District Courts have broad discretion in discovery matters. Packman v. Chicago Tribune Co., 267 F.3d 628, 646 (7th Cir., 2001). A party must be diligent in pursuing the perceived inadequacies in discovery and the trial court does not abuse its discretion if a party untimely seeks to compel inadequate discovery responses. Packman at 647. However, even an untimely filed motion to compel may still be allowed if the party demonstrates actual and substantial prejudice resulting from the denial of discovery. Id. Remember, we are talking discovery, not admissibility at trial. With this in mind, the Court turns to an independent analysis of each challenge raised.

Analysis

A. Rule 26 Disclosures

As an initial matter, the Restaurant Defendants assert that Plaintiffs' Rule 26 Disclosures are deficient. The Restaurant Defendants argue that Plaintiffs' attorney erroneously failed to supplement the Rule 26 Disclosures as new information was revealed. See Fed. R. Civ. P. 26(e). The Restaurant Defendants point to several individuals who are identified in the Answers to Interrogatories who are not included in the Rule 26 Disclosures. Plaintiffs assert that they are in compliance with discovery.

The Court notes that neither party has supplied the Court with copies of Plaintiffs' Rule 26 Disclosures. The Court, thus, cannot address the arguments relating to the substance of the Disclosures, which the record reflects were served on Defendants in June 2005. See Certificate of Compliance (d/e 32). Under Rule 26, a party is, among other things, required to provide the opposing party with the name and, if known, the address and telephone number of each individual likely to have discoverable information that the disclosing party may use to support its claims or defenses, unless solely for impeachment, identifying the subjects of the information.

Fed. R. Civ. P. 26(a)(1)(A). Therefore, if Plaintiffs might use the individuals identified in the Answers to Interrogatories to support their claims, Plaintiffs must supplement their Rule 26 Disclosures to include these individuals. It is not clear to the Court, at this point, whether the Plaintiffs might use the identified individuals to support their claims thereby implicating Rule 26. Therefore, the Restaurant Defendants' request to compel as it relates to the Rule 26 Disclosures is denied. However, Plaintiffs are cautioned to remember their ongoing duty to supplement their Rule 26 Disclosures.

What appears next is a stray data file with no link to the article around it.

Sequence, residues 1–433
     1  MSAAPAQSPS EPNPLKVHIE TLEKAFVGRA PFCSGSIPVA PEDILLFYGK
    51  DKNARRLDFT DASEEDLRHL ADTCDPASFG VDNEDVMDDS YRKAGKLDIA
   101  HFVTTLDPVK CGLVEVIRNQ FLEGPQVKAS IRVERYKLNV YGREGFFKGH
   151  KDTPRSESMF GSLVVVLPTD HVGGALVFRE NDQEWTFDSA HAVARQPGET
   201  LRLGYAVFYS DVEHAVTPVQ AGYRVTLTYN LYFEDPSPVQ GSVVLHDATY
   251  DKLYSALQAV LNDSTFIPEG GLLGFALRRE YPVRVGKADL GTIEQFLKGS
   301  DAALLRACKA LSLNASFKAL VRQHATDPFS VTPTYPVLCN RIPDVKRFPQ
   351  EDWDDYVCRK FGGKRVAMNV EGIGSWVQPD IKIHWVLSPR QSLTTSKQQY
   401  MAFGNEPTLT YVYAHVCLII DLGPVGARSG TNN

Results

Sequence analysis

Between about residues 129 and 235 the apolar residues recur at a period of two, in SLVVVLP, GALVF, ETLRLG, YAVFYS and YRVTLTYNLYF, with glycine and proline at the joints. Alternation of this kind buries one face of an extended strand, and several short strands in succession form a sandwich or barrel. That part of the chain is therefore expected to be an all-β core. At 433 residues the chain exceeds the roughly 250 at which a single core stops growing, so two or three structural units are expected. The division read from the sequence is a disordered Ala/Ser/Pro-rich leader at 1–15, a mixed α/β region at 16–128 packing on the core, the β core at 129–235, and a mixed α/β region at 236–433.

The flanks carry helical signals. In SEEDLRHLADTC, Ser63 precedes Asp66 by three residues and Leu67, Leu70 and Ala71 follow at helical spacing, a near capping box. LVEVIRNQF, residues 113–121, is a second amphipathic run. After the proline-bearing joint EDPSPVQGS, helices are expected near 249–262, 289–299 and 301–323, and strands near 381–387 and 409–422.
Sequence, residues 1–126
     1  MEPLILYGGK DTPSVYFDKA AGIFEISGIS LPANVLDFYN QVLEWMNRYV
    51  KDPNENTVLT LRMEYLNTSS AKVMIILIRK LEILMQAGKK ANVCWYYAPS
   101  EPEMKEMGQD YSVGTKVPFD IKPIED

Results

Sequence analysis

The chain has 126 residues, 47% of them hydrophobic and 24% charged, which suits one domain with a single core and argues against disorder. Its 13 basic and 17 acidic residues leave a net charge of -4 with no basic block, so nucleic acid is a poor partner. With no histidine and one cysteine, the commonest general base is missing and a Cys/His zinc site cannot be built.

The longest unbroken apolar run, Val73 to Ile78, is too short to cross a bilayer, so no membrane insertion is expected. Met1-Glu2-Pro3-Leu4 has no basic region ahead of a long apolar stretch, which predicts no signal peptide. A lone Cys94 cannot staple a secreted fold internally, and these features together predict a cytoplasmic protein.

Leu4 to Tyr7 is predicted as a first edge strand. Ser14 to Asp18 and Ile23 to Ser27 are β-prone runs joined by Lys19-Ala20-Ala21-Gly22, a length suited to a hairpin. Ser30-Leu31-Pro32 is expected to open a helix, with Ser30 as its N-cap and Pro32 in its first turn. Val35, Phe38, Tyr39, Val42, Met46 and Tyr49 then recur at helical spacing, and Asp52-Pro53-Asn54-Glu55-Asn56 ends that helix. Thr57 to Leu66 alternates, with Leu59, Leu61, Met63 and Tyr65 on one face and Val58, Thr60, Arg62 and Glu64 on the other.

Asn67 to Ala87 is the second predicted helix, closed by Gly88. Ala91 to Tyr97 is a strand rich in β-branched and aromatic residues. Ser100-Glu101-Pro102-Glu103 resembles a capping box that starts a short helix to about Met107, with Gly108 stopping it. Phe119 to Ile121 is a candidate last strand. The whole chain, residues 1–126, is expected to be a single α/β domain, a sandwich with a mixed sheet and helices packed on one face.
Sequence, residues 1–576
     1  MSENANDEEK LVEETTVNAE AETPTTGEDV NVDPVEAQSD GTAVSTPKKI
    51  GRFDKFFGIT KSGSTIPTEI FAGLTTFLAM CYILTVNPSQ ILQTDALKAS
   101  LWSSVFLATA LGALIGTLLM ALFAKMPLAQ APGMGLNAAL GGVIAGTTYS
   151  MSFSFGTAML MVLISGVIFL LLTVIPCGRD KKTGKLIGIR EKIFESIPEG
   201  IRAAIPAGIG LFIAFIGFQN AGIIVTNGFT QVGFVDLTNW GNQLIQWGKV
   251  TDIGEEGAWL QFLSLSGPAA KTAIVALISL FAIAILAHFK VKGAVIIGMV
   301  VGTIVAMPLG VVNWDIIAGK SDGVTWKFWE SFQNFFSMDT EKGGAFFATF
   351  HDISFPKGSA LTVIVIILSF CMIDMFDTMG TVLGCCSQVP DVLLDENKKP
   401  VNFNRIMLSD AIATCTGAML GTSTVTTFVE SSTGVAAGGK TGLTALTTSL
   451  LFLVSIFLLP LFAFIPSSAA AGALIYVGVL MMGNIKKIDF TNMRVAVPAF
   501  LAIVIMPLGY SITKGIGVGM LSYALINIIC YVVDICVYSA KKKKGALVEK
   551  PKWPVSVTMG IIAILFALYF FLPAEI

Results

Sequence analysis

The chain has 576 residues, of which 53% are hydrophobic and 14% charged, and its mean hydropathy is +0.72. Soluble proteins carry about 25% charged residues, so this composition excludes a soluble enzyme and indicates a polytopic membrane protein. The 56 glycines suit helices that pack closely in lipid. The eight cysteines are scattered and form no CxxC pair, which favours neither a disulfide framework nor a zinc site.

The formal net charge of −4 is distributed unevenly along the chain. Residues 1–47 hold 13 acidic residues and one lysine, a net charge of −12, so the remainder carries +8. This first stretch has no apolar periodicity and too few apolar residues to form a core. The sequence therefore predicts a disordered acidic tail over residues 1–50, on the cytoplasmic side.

B. Plaintiff Fontana's Answers to Interrogatories

The Restaurant Defendants raise several challenges to Fontana's Answers to Interrogatories.*fn1 As an initial matter, the Restaurant Defendants assert that Fontana failed to identify certain statements in response to Interrogatories 2, 22, or 23 and to produce and incorporate by reference certain documents in response to Interrogatories 2, 20, 21, 22, and 23. Specifically, the Restaurant Defendants point to an e-mail that Fontana sent to "The Paper" and other undisclosed media outlets regarding his experience at the banquet.*fn2 See Second Motion to Compel, Ex. G, E-mail from Roger Fontana dated Feb. 28, 2004. This e-mail appears to fall within the scope of Interrogatories 2, 20, 21, 22, and 23. Therefore, the Restaurant Defendants' request to compel on this basis is allowed. Fontana is directed to supplement his Answers to Interrogatories to either confirm or deny sending this e-mail, to identify any recipients of the e-mail, and to identify any other material within the scope of these interrogatories.

The Restaurant Defendants assert that Fontana failed to completely answer Interrogatory 3. The Restaurant Defendants base their argument on the fact that Fontana's answer to Interrogatory 3 fails to identify witnesses identified in the Answers to Interrogatories provided by other Plaintiffs. Fontana must base his answer to Interrogatory 3 on his own recollection, and the mere fact that it does not mirror the answers of other Plaintiffs does not mean that Fontana's answer is incomplete. ...